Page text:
A number of years ago, my husband surprised me on my 40th birthday with a gathering of unlikelies, held at our favorite, family-owned, Italian restaurant in the heart of Appalachia.  It didn’t occur to me then that the friends he had invited were unlikelies; for me, they were people I had known most of my life:  family, close friends, and new friends. But by the end of the evening, one comment seemed to carry the weight of the time we all spent together, celebrating.  The words were spoken by my older sister who, generally, was not one to delve beneath the surface of any topic, thinking it best to keep conversation light. “As I looked around the room,” she began, “I suddenly realized how the gathering represented so many different people from so many different walks of life.  And I wondered how we all fit so well together.”  These words brought a moment of astonishment and deep gratitude.

There were conservatives and liberals; people of all colors, races, genders, religious affiliations, and people with emotional and physical challenges. The social/economic standing of each differed, but was irrelevant. My sister’s observations surprised me as much as the surprise party, and I found myself incredibly grateful that I hadn’t recognized the differences among those gathered; they were simply my friends.  And then, a line from  Charlotte’s Web tapped me gently on my shoulder:  “You have been my friend,” replied Charlotte.  “That in itself is a tremendous thing.”

Later that evening, as I lived again the party’s magic, I looked at it through my sister’s eyes and saw clearly what she had seen (at least to her):  a gathering of unlikelies.  While almost everyone was at least acquainted with each other, the details of their lives were not known, except to those of us who had shared joys and disappointments throughout the years.  Similarities don’t cause ripples in the water; but differences do. And yet, later that evening, peeling back the intricate layers of our lives, not unlike the fine layers of a sweet Vidalia onion, brought me to a realization that without the differences, we can never be fully who we are challenged to be, and that’s when life is lived to its fullest.

“Contrary to damaging stereotypes of rural Americans, we are open-minded about quite a lot.”

My college history professor was in attendance that evening, looking as dapper as ever in tweed wool sports coat with a red silk pocket square peeking out, a pair of chocolate brown, perfectly-creased wool trousers, and a starched white shirt with French cuffs and ruby-colored cufflinks that seemed to wink at each of us.  He had not only imparted knowledge, but he encouraged me to write — over and over and over again. I did not know until that evening that he was a member of the LGBTQ+ community before it was ever made official.  And yet, it made no difference to me or to anyone else there, for they had known him for many years and could not deny his genuine influence throughout their respective lives.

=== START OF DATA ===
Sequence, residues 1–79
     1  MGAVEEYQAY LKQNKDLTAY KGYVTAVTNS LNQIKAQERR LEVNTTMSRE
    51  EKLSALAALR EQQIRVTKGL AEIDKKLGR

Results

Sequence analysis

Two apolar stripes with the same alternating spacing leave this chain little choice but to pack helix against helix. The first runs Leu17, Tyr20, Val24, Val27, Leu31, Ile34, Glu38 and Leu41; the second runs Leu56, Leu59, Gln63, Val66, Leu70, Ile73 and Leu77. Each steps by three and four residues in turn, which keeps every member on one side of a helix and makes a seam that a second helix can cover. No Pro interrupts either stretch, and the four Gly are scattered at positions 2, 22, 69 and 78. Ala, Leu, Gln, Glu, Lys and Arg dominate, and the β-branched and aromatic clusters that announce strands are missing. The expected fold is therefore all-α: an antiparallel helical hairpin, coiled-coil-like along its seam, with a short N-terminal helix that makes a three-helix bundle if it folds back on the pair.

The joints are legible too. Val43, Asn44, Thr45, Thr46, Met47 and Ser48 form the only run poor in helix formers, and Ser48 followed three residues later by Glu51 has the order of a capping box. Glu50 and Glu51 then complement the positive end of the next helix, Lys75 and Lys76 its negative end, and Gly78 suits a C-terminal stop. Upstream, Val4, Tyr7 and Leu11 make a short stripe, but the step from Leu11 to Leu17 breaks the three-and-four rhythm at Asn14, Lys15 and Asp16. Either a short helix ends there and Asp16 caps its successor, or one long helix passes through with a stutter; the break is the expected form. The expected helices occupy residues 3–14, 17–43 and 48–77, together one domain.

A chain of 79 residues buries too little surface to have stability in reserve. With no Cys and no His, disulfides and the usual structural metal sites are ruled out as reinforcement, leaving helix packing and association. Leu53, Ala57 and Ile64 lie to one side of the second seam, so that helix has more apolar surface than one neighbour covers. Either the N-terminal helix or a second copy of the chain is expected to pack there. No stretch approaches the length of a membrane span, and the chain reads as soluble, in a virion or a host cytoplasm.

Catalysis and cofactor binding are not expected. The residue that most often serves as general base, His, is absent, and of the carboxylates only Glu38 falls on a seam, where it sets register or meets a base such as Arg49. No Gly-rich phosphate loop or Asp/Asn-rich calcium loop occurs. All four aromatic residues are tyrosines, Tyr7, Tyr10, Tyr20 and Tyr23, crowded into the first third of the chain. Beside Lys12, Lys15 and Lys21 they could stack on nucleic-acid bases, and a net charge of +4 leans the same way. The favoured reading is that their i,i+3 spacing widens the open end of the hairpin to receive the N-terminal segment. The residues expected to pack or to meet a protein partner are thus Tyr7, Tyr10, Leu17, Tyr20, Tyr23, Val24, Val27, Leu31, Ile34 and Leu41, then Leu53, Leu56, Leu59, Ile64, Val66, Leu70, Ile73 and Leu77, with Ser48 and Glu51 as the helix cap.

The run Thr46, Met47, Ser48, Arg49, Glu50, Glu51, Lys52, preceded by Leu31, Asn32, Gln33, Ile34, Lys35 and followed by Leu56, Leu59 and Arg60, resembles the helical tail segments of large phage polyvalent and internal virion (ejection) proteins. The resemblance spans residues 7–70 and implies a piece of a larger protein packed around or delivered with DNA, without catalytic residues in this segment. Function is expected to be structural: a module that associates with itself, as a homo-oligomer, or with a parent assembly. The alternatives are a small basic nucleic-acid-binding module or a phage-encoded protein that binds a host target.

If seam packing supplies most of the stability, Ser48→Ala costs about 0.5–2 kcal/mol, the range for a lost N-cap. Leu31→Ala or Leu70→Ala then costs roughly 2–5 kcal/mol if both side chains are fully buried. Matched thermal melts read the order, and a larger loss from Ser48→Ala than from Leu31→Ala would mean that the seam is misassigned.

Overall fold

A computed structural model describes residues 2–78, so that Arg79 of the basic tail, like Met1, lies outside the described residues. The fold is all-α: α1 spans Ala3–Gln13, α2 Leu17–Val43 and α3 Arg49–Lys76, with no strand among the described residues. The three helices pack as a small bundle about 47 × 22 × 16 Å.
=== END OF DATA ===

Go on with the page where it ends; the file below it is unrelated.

My dear friend was there who, as incredible as it may sound, magically appeared on Fifth Ave. in NYC one afternoon — as if dropped down from Heaven — to help me make my way through the city streets as a wave of anxiety descended upon me with a ferocity I had not previously experienced. We did not know that we had both planned to be in the city at the same time. His skin color reminds me of the sharps and flats on a concert grand piano, his stature similarly bold. He, too, is a gay man, with a heart that has been broken and mended more times than anyone’s should be, re-emerging each time as if a triumphant phoenix.

There were former students in attendance who had grappled with various forms of addiction, and financial instability, and infidelity, and other ills, yet they never left the fold.  On the other hand, there were friends who had achieved tremendous financial success and enjoyed positions of leadership in business and our community. One couple, whose children I taught, had married young, divorced in mid-life, and remarried in their golden years. And yet another couple was not only challenged, but joyfully-challenged to work with their son, who had recently been diagnosed on the spectrum.

A friend with whom I’ve been close for most of my life asked my husband if she could bring her partner with her. She was a very successful shop owner, turned real estate broker. She kept her world small, and was well-respected throughout the community, as was her partner. She later told me that evening that there was no hesitation from my husband who encouraged her enthusiastically bring her partner with her to the gathering. Knowing that didn’t surprise me, but it did make me very happy that he is, and has always been, someone who leaves judgement to the only One who has been tasked to judge us all.

Living in Appalachia and living in rural America brings a strong dose of pride, and ideally a pride that does not corrode, but rather builds us up. Contrary to damaging stereotypes of rural Americans, we are open-minded about quite a lot. The rest of the world could learn a thing or two about acceptance from us, and many of us are more than willing to impart the knowledge. It is not a difficult journey but it has become, for so many, a precarious path to tread. Change is due. Change is welcomed. Change is imminent.

Kathleen M. Jacobs lives in Charleston, West Virginia.  She can be reached at www.kathleenmjacobs.com.

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